Ponzi quickly became a millionaire, raking in an estimated $15million in just eight months. His great con grew in size, and he used new investor cash to pay off other previous investors. However, investigators soon became suspicious of this self-made millionaire, and Ponzi eventually surrendered to the authorities – but not before half a dozen banks had crumbled and thousands of investors had lost their money.
In 1925, Ponzi headed for Florida to raise money selling swampland under the name Charpon Land Syndicate. Re-arrested, he posted bail and headed to Tampa before finally being captured in New Orleans. He was released from prison in 1934 and ended up back in Italy. Later, he worked for an Italian airline in Brazil and as a translator.
Ponzi’s eyesight then began to fail, and a major stroke in early 1948 left him partially paralyzed. He died in Rio de Janeiro on January 18, 1949, aged 66.
2. Bernard Lawrence “Bernie” Madoff (1938 – )
Bernard Madoff should need little introduction. The former non-executive chairman of the NASDAQ stock market was found guilty of masterminding the biggest Ponzi scheme in US financial history. Madoff pocketed billions of dollars of investors’ money through his fraudulent firm, Bernard L. Madoff Investment Securities LLC.
Madoff claimed to have begun his scheme in the early 1990s, but investigators have suggested that the scam went back as far as the 1970s. Madoff was finally caught out on December 11, 2008. He pleaded guilty to 11 counts of fraud in March 2009 and was sentenced to 150 years (the maximum sentence) in June of the same year.
Madoff is currently incarcerated in the Federal Correctional Institution Butner Medium, near Butner, North Carolina. Since his imprisonment, he is reported to have suffered ill health, including hypertension, and there have been reports of altercations with other prisoners. One of his sons, Mark, sadly committed suicide on December 11, 2010, exactly two years on from his father’s arrest. His suicide was thought to be largely due to his massive debts.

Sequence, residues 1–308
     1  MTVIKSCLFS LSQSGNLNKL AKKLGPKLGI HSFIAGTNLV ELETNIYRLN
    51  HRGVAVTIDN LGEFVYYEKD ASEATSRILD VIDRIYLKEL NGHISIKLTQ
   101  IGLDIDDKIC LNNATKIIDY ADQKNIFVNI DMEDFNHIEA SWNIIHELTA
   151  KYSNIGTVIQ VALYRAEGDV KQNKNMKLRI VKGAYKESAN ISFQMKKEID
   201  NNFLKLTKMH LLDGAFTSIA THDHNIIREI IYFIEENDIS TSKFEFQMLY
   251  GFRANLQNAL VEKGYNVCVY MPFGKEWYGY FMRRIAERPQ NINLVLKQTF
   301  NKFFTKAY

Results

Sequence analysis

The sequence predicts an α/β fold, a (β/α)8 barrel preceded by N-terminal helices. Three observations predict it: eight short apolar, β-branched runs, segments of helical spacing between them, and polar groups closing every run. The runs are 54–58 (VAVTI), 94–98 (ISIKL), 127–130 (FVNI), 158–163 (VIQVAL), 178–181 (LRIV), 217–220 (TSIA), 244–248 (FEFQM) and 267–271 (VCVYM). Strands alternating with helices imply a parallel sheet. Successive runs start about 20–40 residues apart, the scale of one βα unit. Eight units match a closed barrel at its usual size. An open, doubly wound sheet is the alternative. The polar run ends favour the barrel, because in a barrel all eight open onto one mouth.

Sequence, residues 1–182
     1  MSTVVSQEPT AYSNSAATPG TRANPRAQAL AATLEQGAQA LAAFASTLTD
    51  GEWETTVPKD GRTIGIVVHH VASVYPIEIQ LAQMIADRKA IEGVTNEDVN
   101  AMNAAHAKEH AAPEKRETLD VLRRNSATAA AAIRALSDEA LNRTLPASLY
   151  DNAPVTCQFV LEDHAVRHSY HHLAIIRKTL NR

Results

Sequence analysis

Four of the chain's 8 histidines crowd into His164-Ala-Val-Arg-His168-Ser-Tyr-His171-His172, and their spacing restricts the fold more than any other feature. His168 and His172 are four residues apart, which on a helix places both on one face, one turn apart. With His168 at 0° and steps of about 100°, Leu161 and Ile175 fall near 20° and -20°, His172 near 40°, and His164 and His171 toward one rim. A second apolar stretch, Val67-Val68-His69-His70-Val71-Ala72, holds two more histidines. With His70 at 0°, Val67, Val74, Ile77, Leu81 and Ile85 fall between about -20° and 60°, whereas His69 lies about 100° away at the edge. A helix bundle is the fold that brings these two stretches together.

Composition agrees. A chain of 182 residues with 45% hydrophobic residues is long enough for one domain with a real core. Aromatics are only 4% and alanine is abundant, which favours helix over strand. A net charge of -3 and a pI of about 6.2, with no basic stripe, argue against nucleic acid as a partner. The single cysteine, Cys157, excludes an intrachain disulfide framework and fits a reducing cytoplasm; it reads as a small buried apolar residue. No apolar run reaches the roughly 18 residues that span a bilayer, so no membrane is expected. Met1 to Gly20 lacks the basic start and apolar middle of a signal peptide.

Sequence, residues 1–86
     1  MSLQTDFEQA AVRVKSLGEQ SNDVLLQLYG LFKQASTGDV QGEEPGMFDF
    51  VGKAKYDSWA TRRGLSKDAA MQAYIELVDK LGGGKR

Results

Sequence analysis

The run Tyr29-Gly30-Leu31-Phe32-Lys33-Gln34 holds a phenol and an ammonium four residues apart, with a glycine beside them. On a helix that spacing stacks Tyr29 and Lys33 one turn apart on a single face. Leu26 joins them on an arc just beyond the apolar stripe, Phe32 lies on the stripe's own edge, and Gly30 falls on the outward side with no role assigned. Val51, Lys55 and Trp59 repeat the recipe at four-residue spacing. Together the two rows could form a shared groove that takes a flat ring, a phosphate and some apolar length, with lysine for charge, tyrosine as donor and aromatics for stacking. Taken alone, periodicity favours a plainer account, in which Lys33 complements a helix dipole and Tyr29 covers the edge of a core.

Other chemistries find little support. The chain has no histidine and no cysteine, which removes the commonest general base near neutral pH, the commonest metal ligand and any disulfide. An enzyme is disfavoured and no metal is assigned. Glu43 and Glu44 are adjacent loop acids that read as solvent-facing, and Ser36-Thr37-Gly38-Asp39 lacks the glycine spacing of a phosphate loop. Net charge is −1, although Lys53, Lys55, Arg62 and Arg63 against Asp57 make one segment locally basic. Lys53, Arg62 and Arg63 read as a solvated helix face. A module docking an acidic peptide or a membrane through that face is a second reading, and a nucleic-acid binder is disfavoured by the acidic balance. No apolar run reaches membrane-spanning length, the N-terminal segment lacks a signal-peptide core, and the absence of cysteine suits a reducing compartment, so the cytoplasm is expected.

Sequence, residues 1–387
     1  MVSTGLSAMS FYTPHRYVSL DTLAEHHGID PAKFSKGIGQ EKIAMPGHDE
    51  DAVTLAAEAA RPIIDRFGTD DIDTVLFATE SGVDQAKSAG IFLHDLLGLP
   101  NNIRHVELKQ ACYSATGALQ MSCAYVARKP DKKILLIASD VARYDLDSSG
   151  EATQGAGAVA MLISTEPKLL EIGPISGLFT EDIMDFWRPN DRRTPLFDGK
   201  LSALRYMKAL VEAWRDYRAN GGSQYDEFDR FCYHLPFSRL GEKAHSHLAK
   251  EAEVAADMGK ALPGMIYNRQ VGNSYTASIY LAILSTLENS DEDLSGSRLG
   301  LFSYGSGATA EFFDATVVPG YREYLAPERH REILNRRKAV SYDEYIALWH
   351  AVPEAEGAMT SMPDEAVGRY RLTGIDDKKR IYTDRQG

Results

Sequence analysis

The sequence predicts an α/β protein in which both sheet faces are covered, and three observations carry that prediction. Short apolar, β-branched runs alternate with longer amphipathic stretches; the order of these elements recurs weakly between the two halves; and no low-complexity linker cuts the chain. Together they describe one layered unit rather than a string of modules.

With Madoff now in his seventies, it’s probably safe to assume that this giant of the world of financial fraud will never fully serve his lengthy sentence.
1. Ferdinand Waldo Demara, Jr. (1921 – 1982)
World-renowned as “the Great Impostor” (thanks largely to the movie about his life starring Tony Curtis), Ferdinand Waldo Demara Jr. was the original master of disguise.
A stealer of people’s identities, Demara Jr.’s impersonations included a monk, a surgeon, a lawyer, a civil engineer and a prison warden. And he casually described his motivation for doing all of this as “rascality, pure rascality.”
Demara first ran away from home at the age of 16 to join Cistercian monks in Rhode Island, where he stayed for several years before joining the U.S. Army in 1941. He went AWOL from the army in 1942 before joining two monasteries and the U.S. Navy. Then, after faking his own suicide (because he couldn’t get the position he wanted), he was eventually caught out and imprisoned for 18 months for desertion.
Ironically, many of Demara’s unsuspecting bosses would likely have been satisfied with him as an employee, as the skilled impostor was believed to possess a photographic memory and an extraordinary IQ. He was apparently able to memorize necessary information and techniques from textbooks with relative ease.
Demara’s most infamous impersonation was that of a doctor during the Korean War. While on-board a Royal Canadian Navy Destroyer during the conflict, he successfully saved the lives of several soldiers injured in battle – including one requiring major chest surgery. He did so by delving into his medical textbook and using his photographic memory and undoubted intelligence. But this would prove to be his undoing, as news quickly spread of his heroics and the resulting media attention eventually unmasked him as a faker.
Bonus: George C. Parker (1870 – 1936)
If anyone loved seeing travelers arrive in New York City in the late 19th and early 20th century, it was fearless con man George C. Parker. That’s because Parker preyed on gullible tourists, making a living out of conning them through the false sale of NYC public landmarks for big money. The epic swindler successfully “sold” the likes of the Statue of Liberty, Madison Square Garden and The Metropolitan Museum of Art.
Parker also made a habit of selling the Brooklyn Bridge (reportedly twice a week for 30 years), persuading naive buyers that they could make a killing by controlling the iconic suspension bridge. Police even had to stop many of the swindled tourists who thought they had purchased the bridge from erecting toll barriers to profit from their purchase.
Parker was convicted of fraud on three occasions and died in prison in 1936. Parker’s exploits have become so infamous that they have since passed into popular culture, with the phrase “and if you believe that, I have a bridge to sell you” becoming a popular way of identifying a gullible person.